In 1908 John was elected Assessor and Collector of Fremont County and Edna Margaret Porter, daughter of Rebecca Margaret Poole and Aaron Benjamin Porter, was chosen as Deputy Assessor. Their interest in each other developed into love and they were married on November 10, 1909 in the Salt Lake Temple. Their first home was in St. Anthony which was then the county seat of Fremont County and it was there that their first child, Jack, was born on August 14, 1910. Two years later on October 9, 1912 a baby girl, Margaret, was born to them but she died at birth. 

When the county was divided the Governor of Idaho appointed John Hegsted Auditor and Clerk of the District Court of Madison County, with the county seat at Rexburg and John moved his family to the 160 acre farm he had bought near his father's farm in Salem.

At first the family lived in the little three room house that stood on the farm while they made plans for building their permanent home. When the big rock house was completed just to the north of the little one the family moved in, and at the death of John's father, August 12, 1914, he settled his mother into the little house and there she lived until the last few years of her life when she went in 1933 to spend her last days with her daughters in Utah. John always looked after her needs, taking her to her church meetings and seeing that she was provided for in every way.

John continued to work as Auditor and Clark of Madison County almost continuously during the remainder of his life. His 160 acres were farmed by the George Kusaka family and his boys helped as they grew old enough. Four more children were born in this home, Mark, Barbara, Helen and Beth.

John took his family to church and was active in teaching the gospel. He taught the adult class of Sunday School in both the Salem Ward and later in the Rexburg First Ward, and was active in the Priesthood.

He was respected and loved by all who knew him. He was kind and considerate of everyone and especially so to those less fortunate than he. His acts of kindness and financial help are remembered by many. He was devoted to his wife. She often said he couldn't go out for an armful of wood without kissing her goodbye.

He never enjoyed good health and died September 26, 1930 at the age of 55. The esteem in which he was held was demonstrated at his passing when the Rexburg Stake Tabernacle was filled at his funeral. Some thirty years after his death a friend, Charles Zollinger, told this incident to his son, Jack. When John Hegsted was asked if he paid tithing, he replied, "Yes. I can't afford not to." He had a strong testimony of the Gospel.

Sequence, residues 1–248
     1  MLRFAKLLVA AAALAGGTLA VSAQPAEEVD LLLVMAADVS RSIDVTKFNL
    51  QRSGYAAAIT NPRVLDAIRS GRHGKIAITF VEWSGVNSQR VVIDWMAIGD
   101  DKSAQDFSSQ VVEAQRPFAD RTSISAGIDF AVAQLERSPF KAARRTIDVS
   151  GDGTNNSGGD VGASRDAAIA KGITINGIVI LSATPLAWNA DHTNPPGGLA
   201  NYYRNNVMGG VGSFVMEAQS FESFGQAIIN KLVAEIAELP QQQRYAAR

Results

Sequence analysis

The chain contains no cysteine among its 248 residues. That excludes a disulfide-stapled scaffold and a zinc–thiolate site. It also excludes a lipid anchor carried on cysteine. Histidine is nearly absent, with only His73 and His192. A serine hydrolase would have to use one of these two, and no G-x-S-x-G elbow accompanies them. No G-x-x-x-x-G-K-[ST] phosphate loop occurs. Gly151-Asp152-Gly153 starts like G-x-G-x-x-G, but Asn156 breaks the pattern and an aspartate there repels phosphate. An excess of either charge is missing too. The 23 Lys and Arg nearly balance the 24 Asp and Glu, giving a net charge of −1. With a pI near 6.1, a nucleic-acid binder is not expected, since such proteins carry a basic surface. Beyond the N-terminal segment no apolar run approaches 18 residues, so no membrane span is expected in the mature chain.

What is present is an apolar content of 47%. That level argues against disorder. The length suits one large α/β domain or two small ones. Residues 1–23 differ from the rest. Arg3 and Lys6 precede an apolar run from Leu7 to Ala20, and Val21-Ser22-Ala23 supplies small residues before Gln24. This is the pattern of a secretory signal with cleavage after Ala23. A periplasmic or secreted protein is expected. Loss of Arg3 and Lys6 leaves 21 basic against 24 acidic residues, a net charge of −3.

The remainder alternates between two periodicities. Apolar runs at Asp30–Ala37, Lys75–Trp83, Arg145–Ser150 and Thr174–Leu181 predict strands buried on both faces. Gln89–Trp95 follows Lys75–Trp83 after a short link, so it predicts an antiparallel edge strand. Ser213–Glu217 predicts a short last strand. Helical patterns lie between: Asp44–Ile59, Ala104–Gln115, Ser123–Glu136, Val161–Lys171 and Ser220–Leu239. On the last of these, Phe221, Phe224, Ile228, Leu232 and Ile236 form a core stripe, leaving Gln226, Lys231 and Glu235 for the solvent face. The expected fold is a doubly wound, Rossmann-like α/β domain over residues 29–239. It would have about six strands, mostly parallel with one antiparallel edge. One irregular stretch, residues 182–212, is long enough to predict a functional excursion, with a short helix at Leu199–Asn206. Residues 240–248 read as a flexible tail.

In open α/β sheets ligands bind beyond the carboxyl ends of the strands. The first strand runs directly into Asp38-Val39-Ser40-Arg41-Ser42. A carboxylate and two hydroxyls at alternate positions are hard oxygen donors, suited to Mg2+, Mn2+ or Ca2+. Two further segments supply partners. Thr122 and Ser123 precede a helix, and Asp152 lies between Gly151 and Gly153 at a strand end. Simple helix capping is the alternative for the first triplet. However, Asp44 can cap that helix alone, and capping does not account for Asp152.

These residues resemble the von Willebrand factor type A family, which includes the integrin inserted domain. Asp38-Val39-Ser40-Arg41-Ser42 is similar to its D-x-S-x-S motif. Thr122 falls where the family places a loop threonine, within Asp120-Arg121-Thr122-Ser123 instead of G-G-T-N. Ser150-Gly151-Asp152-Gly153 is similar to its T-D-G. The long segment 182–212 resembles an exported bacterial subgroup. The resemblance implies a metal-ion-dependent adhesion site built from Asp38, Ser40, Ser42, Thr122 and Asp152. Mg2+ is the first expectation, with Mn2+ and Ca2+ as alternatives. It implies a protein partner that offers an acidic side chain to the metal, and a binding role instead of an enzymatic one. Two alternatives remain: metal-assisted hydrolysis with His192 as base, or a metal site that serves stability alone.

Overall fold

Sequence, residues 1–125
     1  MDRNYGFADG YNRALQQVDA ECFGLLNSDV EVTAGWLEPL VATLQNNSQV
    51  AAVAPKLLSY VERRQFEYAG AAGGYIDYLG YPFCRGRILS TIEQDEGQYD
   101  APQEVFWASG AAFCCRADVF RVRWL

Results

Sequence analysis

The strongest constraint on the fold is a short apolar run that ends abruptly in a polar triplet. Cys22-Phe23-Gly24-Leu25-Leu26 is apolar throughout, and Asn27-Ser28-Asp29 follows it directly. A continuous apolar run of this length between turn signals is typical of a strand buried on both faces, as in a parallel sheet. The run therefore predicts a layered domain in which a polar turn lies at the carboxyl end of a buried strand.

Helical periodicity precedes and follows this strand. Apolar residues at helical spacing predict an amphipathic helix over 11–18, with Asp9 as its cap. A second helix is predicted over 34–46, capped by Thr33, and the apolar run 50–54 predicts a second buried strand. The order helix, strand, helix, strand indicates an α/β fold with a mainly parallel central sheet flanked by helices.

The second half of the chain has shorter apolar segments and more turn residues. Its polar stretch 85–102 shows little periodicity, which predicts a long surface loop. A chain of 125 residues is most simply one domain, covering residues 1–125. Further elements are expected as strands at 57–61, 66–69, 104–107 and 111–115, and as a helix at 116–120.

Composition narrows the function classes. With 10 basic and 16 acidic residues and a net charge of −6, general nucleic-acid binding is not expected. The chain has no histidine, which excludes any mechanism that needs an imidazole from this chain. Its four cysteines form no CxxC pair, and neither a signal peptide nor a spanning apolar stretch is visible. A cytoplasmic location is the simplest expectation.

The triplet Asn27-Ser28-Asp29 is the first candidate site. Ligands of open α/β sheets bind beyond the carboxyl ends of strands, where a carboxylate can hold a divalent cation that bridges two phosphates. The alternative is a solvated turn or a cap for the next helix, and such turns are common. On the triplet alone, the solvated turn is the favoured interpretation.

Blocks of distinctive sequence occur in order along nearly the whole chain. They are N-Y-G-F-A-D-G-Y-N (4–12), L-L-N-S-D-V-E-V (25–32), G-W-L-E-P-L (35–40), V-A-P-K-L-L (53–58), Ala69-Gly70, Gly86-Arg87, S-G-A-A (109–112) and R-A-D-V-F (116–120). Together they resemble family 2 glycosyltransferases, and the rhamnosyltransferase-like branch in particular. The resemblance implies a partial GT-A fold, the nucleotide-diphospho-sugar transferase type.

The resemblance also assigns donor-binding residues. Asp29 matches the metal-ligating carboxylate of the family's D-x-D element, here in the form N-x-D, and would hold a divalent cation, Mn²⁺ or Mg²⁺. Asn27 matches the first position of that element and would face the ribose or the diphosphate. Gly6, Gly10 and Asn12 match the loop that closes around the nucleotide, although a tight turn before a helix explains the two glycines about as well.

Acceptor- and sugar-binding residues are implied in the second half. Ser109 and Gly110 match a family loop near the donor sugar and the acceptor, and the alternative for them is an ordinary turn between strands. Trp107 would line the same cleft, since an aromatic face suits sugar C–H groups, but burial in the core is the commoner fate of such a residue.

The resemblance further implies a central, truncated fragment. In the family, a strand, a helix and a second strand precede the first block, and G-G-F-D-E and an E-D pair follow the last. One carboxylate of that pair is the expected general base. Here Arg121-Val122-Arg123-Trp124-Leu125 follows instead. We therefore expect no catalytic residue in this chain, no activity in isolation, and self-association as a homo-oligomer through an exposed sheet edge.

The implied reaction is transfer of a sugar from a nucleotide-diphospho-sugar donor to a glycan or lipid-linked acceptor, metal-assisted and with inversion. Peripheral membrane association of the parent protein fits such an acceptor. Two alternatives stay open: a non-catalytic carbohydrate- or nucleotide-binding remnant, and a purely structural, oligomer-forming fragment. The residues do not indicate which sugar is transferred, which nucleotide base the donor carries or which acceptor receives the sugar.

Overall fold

This experience was told to Barbara Rasmussen in Boston in July, 1977 by George Ballif who was visiting with his daughter, Gretta Ballif.

Mr. Ballif said that many years ago when his father, John L. Ballif, and family were living in Rexburg, his younger brother, Ariel, fell into an irrigation ditch close by their home and John Hegsted, the father of Barbara, Jack, Mark, Helen and Beth Hegsted, jumped in to rescue him. They were both swept through a long culvert, which undoubtedly was one that crossed a Rexburg street. He clung to the boy, managed to survive, and got him out at the other end of the culvert. When a doctor arrived he gave the boy up for dead and turned his attention to the boy's mother who had run to the scene from her sick bed, having given birth to a baby a few days previous.

John Hegsted took the boy, Ariel, and rolled him over a log that was lying near by and revived him, thus saving his life a second time.

Ariel Ballif became a school teacher and taught Jack Hegsted history in high school. He married Artemisia Romney, daughter of George S. Romney, Ricks College president, and has recently retired from the faculty of Brigham Young University.

I, Dorothy Hegsted, talked with Elizabeth Stowell, one of Rexburg's oldest residents, about the Ballifs and she gave me this information. The Ballif home was on Center Street, near the Barrett Dress Shop, and one of the city ditches ran across the street there. Mr. Ballif was mayor of the city and owned a men's clothing store. Mrs. Ballif was very prominent in civic affairs as well as being the mother of a large family. Mrs. Stowell relates that Mrs. Ballif was asked one day how she managed to be so active in public affairs with such a large family to care for. Her reply was, "I just leave them to the Lord and the neighbors".

Since John Hegsted was not a neighbor I guess the Lord saw to it that he was at the right place at the right time.